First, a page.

The root problem with the UK economy is that neither investment generally nor manufacturing in particular are profitable
Those who are confident that the UK economy is sustainably on the mend — encouraged, no doubt, by the Bank of England forecast of as much as 3.4 per cent growth in 2014 — might like to ponder two aspects of our economic performance. The first is that net investment in the UK economy, measured per head of the population, has ground to a halt. The second is that the proportion of UK national income derived nowadays from manufacturing is barely 10 per cent. As we depend on manufactures to a large extent for our export revenues, our weak manufacturing base means that we cannot pay our way in the world.
There are two ways to measure how much of our GDP is accounted for by investment for the future. One is gross and the other is net of depreciation of existing capital assets. Measured gross, the UK now has one of the lowest ratios in the world. A recent CIA report showed the UK with 14.2 per cent in 2012, ranking us 142nd — equal with El Salvador — out of the 156 economies in the survey. The world average was 23.8 per cent. The figure for China was 46.4 per cent.
This gross figure is bad enough, but the net position is even worse. Depreciation of existing capital assets — otherwise known as capital consumption — is running in the UK at just over 11 per cent of GDP. This means that our net investment as a percentage of GDP is about 2.3 per cent. If our population was static, this low percentage would at least show some improvement, however small. Unfortunately, it does not account for population growth, which is around 350,000 per annum.
The figure for average UK historically accumulated capital assets per head is about £120,000. Just to keep up this stock per head involves capital expenditure of £42 billion per annum. This is nearly equal to 2.3 per cent of our national income. The end result is effectively no net investment per capita. All the advances in living standards since the Industrial Revolution have been achieved on the back of capital accumulation. It is very difficult to see how any sustainable increase in productivity and living standards can be achieved if we have stopped investing in our future.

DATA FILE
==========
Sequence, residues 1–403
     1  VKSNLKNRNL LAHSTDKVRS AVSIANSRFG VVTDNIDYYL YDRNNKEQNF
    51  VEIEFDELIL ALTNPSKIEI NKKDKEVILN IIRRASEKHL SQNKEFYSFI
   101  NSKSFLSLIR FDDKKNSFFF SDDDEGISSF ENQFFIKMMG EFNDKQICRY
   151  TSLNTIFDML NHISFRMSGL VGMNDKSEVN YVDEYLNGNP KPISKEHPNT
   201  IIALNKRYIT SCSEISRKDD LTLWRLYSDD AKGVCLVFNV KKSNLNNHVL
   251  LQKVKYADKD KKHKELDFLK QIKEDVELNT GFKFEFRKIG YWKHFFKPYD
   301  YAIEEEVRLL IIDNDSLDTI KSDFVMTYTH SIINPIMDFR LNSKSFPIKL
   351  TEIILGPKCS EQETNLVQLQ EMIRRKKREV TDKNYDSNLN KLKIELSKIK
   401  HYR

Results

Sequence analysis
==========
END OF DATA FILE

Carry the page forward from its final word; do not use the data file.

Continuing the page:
Part of the reason why our investment rate is so low is that manufacturing as a percentage of national income which has fallen. In 1970 it was 32 per cent of national income. In 1980 it was 24 per cent. By 1997 it was 14.5 per cent. It is now barely 10 per cent. About 60 per cent of our exports (and more than three-quarters of our imports) are goods rather than services and about 75 per cent of those goods are manufactures. Until the early 1980s we used to export far more manufactured goods than we imported. Indeed, this is how the UK accumulated much of its internationally owned wealth in the 19th century. This, however, has not been the case for some time. We have had a deficit every year since 1983 and as a result an overall payments deficiency every year since 1984. In 2012, our deficit on manufactures alone was about £85 billion.
It is the combination of these two factors — no net investment and the erosion of our manufacturing industry — that make sustained growth in the UK economy so unlikely. With no net investment, the only way the economy can be made to grow is by increasing demand to bring more people into the labour force. This is achieved by loose money policies and the consequent increase in consumer confidence that asset inflation brings. This is not, however, a sustainable policy. Because of our very weak export capacity, the inevitable result of the increase in consumer confidence, given the pound’s rising value, is that our balance of payments position — already one of the weakest in the developed world — will deteriorate further. The likely response of the Bank of England will then be to raise interest rates and growth will come to a halt.
Surely, in these circumstances, the solution might appear to be increased investment? There are, however, three problems. First, to justify investment projects, businesses must be convinced that the economy really is going to grow in the future. There is still little sign that this is the case. Second, even if the will is there, increasing investment is bound to have a negative impact on the balance of payments. Third, the increasing proportion of GDP being invested has to be matched exactly by a corresponding fall in consumer expenditure; you cannot spend the same resources twice. In the middle of a standard-of-living crisis, are consumers really going to put up with another squeeze on their incomes?
The root problem with the British economy is that neither investment generally nor manufacturing in particular are profitable. This is why they are not happening. It is difficult to make any money in manufacturing in the UK because the exchange rate is far too high, making it much more expensive to produce almost anything in the UK than it is elsewhere. As long as this is the case, our economy will be constrained by a weak balance of payments and confidence in the merit of all forms of investment will be lacking. This is the bind in which the UK now finds itself.
Will the sudden improvement in our economic performance be sustainable when the price of the pound creeps up from $1.50 to $1.65? Time will tell, but all our economic history and our current investment and manufacturing performance make it look extremely unlikely. Maybe today’s mini-boom will last up to the next general election, but whatever government is elected in 2015 is likely to be faced with daunting problems in the five years that follow.